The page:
Next Four Tips For Practicing


Here are a few more tips for practicing. I’ve used all of these, plus the first four from my last post. I believe that if you are going to play an instrument, take it seriously. I don’t mean that there isn’t room for casual players who want to play at a party or sitting around a campfire at the beach and strum some chords on an acoustic guitar. What I mean is, if you pick up an instrument and start playing it at a party and you can’t play, you’re wasting everyone’s time and undervaluing the instrument. With that in mind, I’ll start out with this tip…

5. Make a game out of practice.
Practicing is hard work. At least, if you want to get better, it should be. But you are a musician because it’s fun! So while practicing is serious business, you can make great strides if you can make a game out of it. You can pick a difficult part and see how many times you can play it without stopping. Or, take a familiar part and see how fast you can play it. Learning scales? Play the notes in letter order but on different strings so that you aren’t playing them in direct ascending or descending order (like, on a guitar: A on the 6th string, 5th fret; B on the 3rd string, 4th fret; C on the 5th string, 3rd fret, etc.) Or learn a new part from one song and then choose another song that relates in some way to the first song and play a part from that song. Then see how many song parts you can string together like this.

6. Practice backwards.
Take a phrase, passage, or even a whole song that you know by heart and learn to play it backwards. This helps you look at something familiar from a new perspective and inspire you to create something you might never have thought of. Jimi Hendrix recorded the guitar solo of Are You Experienced backwards while the tape was recording backwards and came up with an amazing effect that nobody had ever heard on the radio before when they were both played forward again, together.

7. Change your venue.
Everyone has a favorite place to practice. The right room, the right time of day, the right gear, the right lack of people bothering you, whatever makes it just right for you. Sometimes we get too comfortable though. Try moving to a different spot and make do with it. If you’re a pianist, take a keyboard onto the back porch and play through its built-in speakers. Electric bass players, borrow a small guitar practice amp and go to the park. Flautists, jump in the car and play. Every time I have picked up my guitar and played in a place that I wasn’t used to, it forced me to focus on what I was doing so I could tune out everything around me, made me really aware of the quality of the sound my instrument was producing, and, if there were other people around, get over the uncomfortability factor of people possibly hearing my imperfect practice playing. Which brings me to…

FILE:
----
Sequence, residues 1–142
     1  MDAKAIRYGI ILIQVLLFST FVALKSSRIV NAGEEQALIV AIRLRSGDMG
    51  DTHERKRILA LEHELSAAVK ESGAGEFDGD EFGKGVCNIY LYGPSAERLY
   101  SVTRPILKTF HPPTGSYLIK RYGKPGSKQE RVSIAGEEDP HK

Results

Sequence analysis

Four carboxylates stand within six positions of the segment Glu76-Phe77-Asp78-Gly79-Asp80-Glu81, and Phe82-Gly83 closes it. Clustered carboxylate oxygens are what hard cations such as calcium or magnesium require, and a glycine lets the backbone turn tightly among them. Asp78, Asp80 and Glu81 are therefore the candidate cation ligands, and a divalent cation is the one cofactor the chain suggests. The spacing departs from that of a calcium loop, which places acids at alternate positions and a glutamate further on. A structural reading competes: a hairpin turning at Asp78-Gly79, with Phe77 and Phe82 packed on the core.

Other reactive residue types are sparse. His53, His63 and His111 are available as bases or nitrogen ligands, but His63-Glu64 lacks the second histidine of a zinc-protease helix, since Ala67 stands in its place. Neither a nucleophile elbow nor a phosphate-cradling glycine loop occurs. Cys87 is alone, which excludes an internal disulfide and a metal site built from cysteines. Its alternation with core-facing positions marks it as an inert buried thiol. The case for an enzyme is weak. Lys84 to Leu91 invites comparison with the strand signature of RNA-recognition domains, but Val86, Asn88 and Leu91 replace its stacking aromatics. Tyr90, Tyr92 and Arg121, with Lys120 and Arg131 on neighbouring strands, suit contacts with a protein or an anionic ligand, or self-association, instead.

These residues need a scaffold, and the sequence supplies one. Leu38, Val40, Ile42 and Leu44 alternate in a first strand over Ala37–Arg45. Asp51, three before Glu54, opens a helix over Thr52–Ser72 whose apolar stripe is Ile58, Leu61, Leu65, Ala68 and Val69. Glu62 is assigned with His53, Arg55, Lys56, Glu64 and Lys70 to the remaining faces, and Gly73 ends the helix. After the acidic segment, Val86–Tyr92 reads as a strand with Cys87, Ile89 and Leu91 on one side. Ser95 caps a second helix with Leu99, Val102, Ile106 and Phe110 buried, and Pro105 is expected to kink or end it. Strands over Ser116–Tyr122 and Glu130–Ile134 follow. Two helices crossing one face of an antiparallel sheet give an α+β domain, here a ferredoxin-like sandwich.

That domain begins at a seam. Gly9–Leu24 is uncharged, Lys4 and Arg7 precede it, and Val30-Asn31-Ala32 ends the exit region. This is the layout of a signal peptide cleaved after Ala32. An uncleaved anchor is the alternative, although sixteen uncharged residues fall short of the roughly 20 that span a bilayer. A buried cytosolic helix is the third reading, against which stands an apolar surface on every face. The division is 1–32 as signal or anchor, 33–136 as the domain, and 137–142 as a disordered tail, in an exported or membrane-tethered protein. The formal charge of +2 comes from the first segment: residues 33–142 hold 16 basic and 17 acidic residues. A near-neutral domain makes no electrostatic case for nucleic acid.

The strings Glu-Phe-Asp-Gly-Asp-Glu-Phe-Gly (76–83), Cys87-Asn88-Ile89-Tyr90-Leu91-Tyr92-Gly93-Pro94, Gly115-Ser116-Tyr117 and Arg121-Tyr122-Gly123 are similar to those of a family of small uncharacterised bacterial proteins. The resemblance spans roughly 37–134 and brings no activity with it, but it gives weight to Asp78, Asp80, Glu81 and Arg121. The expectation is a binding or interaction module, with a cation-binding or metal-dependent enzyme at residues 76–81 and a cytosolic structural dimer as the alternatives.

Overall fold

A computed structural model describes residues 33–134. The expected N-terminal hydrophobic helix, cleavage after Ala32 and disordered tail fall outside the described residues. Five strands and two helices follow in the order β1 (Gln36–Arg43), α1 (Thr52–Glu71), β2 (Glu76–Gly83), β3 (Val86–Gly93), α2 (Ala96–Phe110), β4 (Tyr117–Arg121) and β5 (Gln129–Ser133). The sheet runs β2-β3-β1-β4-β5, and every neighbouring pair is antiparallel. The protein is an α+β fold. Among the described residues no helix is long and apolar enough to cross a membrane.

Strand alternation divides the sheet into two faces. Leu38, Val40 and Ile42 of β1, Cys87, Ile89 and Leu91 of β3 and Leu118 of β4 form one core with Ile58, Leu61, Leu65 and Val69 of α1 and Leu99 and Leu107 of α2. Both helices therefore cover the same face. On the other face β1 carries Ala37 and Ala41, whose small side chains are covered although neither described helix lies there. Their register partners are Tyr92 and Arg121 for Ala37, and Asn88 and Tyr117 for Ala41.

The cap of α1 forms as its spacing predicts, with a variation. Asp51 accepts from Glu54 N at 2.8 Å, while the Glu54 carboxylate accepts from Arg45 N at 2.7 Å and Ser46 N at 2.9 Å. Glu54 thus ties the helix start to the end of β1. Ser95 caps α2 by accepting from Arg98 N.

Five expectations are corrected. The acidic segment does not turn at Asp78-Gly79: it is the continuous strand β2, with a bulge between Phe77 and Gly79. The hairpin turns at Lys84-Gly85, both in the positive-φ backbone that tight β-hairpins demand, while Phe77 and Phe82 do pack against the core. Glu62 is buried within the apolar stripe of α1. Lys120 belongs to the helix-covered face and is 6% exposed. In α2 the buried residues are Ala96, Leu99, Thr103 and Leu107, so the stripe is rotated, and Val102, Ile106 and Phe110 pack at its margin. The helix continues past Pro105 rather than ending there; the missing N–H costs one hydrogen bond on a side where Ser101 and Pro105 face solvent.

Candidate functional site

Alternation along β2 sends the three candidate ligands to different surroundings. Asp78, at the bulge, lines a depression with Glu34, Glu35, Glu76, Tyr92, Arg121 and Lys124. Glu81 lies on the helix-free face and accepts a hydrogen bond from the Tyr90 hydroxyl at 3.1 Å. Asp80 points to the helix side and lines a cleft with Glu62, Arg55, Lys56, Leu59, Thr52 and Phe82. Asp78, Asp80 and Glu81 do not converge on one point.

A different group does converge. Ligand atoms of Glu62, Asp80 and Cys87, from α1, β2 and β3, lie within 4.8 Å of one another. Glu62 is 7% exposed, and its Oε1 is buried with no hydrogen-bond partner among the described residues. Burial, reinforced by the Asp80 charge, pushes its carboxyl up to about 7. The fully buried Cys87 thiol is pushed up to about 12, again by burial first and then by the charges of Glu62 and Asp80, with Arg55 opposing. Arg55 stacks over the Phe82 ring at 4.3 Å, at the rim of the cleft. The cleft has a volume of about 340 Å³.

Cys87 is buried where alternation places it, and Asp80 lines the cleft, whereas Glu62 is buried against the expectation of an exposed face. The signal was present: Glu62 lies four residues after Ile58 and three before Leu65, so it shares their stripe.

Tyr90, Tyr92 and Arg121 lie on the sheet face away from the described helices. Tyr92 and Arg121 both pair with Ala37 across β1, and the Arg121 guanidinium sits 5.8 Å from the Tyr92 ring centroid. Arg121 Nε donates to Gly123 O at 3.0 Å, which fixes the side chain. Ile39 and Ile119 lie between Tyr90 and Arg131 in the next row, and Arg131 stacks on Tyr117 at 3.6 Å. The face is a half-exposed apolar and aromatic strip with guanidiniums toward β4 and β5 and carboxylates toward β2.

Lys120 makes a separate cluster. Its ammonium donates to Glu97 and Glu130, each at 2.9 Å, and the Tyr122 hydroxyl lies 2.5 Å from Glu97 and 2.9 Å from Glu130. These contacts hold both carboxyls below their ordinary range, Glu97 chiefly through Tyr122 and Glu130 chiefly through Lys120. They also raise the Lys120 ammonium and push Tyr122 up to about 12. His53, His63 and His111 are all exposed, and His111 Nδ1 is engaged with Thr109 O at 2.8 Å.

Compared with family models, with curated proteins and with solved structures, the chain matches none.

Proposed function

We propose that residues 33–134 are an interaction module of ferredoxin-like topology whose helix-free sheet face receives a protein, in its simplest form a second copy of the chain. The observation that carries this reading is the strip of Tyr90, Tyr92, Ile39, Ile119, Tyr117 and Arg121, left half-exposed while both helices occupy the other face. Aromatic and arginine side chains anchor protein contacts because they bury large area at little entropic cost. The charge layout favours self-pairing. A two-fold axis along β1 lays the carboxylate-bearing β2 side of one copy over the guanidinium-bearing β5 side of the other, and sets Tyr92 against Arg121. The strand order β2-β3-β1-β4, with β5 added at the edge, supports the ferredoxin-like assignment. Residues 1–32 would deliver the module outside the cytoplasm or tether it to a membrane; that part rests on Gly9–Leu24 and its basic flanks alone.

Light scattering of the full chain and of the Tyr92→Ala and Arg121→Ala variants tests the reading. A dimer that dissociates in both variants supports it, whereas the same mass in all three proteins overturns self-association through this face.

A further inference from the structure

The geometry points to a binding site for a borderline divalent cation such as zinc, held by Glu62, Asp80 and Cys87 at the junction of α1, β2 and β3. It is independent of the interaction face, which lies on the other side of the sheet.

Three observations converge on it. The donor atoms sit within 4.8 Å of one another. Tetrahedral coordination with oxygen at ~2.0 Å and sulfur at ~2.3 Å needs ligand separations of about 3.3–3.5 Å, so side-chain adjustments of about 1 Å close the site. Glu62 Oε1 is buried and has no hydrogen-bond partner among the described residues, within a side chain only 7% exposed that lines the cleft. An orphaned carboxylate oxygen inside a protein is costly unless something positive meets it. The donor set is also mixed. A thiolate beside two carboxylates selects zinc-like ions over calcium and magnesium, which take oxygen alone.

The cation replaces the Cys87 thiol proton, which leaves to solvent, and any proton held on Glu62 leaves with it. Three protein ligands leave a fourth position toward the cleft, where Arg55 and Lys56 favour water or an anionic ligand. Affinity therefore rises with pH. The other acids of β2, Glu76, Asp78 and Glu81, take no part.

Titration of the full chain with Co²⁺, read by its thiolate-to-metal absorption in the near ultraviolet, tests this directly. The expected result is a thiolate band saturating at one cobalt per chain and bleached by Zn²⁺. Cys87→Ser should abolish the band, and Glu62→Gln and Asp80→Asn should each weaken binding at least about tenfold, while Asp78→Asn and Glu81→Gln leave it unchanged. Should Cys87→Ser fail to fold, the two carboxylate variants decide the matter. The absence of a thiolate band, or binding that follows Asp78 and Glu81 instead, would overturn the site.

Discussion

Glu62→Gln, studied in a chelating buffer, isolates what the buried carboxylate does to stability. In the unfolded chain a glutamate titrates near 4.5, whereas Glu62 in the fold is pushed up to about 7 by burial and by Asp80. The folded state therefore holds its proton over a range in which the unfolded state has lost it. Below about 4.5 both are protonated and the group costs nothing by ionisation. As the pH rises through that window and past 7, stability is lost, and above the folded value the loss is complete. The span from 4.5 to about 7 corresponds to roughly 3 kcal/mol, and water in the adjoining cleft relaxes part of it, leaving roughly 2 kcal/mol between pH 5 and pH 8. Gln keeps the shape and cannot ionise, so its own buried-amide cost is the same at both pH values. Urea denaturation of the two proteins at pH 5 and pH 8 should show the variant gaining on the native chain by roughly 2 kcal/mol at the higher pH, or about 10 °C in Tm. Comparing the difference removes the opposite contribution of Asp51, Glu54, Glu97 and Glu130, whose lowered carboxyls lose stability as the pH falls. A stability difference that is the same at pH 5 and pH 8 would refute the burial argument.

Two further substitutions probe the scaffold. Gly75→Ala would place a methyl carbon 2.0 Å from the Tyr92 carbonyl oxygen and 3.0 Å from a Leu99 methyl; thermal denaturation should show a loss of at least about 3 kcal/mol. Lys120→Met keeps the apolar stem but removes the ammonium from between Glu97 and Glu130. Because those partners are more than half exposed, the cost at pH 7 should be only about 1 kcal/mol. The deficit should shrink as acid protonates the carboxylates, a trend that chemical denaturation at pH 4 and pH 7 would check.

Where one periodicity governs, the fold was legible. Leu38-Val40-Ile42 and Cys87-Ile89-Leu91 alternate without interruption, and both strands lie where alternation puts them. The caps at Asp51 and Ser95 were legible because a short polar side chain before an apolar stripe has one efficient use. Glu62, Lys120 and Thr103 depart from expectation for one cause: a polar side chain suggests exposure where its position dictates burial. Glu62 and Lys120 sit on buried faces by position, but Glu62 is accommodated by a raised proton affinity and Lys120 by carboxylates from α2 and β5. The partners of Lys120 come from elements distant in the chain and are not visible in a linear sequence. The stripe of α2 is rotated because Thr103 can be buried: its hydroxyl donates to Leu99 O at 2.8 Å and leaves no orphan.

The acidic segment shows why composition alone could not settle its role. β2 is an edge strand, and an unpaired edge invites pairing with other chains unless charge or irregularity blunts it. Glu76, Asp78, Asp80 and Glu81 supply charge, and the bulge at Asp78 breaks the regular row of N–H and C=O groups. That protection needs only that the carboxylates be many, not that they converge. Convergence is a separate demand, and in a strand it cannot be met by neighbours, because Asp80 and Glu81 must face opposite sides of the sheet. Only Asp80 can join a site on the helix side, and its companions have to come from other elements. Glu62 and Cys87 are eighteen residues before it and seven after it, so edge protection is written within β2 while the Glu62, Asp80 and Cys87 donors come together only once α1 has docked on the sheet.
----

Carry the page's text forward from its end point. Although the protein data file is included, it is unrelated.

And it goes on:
8. Play to an audience.
I play because I like to create. Music is created in a moment and then is forever gone. I have literally spent years playing music that only I have heard if you add up all the hours. But I have also spent a lot of time playing in front of people. Performing for an audience gets you better in several ways. First, it gets you over that “It’s not good enough!” mental hurdle. News flash! It’ll never be good enough. Second, in order to prepare, you get inspired to REALLY practice. Sometimes this translates into more hours and sometimes it means just focusing on getting the most out of the time you do spend. The big thing is to make sure you are ready to be as least embarrassing as possible. But the third way it gets you better is that it forces you to learn to trust your abilities and just play the music. You have practiced the songs, you’ve practiced the mechanics of playing. When you play in front of an audience, you run through each piece once, with the next one right after. You don’t have time to stop for mistakes, you don’t slow down for parts you are unsure of and you have to keep going when you look up and become acutely aware all of a sudden that a bunch of people are staring at you. Playing in front of people makes you good because it makes you realize: This is for real.

Keep practicing, and find ways to always keep it fresh!! More tips next time!

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